Minorities In Juvenile Justice System–The Wrong Neighborhood?


In Cook County, almost six thousand juveniles were held in detention in 2008. But for every white kid in detention, there were twenty-nine black kids, says WBEZ, Chicago Public Radio. Those sent off to prison from Cook County were also overwhelmingly kids of color. The problem of racial disparity in juvenile justice has been recognized for decades, but still today there's no consensus on how to fix it, or even why it happens.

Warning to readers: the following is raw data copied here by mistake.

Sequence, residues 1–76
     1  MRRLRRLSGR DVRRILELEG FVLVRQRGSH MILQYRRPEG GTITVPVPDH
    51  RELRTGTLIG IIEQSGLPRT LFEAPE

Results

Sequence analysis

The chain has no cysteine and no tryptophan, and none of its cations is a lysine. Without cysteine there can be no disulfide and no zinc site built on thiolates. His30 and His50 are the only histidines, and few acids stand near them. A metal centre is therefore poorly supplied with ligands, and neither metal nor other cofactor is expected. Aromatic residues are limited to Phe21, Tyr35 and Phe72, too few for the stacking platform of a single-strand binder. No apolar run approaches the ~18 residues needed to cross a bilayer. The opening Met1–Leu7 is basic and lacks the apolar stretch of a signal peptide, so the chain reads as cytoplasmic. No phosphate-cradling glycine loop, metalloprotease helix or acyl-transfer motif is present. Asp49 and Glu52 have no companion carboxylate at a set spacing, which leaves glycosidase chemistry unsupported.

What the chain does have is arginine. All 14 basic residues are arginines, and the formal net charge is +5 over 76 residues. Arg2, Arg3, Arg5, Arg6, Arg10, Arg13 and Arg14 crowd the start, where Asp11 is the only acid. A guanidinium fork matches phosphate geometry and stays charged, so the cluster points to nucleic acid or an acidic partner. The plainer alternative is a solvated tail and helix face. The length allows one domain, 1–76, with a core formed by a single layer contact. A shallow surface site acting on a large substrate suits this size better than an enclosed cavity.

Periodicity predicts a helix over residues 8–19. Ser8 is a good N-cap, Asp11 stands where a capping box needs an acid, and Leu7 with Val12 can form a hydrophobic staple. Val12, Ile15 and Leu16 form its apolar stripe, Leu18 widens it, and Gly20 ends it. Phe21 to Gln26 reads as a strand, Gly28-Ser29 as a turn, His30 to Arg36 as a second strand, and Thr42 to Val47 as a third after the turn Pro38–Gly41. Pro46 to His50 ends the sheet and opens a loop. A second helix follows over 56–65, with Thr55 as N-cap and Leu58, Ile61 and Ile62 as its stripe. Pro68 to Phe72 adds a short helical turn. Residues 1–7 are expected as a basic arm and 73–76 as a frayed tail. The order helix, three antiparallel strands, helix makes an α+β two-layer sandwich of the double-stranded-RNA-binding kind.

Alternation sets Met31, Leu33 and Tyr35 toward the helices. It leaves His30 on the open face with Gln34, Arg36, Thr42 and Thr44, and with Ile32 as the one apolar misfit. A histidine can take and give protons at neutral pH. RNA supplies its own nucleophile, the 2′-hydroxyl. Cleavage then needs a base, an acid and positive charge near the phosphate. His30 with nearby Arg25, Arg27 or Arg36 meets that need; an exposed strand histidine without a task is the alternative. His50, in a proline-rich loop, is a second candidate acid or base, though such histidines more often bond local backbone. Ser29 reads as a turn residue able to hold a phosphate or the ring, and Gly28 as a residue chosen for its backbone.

As part of a series, Inside and Out, Chiago Public Radio talks to representatives of the public defender’s office, the MacArthur Foundation’s Randell Strickland, Miguel Millet of the Illinois Juvenile Justice Commission, and a teenage boy about the problem. Millet said that in his predominantly black neithborhood, “I don't think it's physically possible to be outside of 1,000-feet from a school or a church. [] Oonce you are within 1,000-feet of a school or a church the sentencing for the drug charge automatically increases — I think that's a prime example there of how the discrepancies exist. You can just be in the wrong neighborhood. You could be the same kid and be in the wrong neighborhood.”

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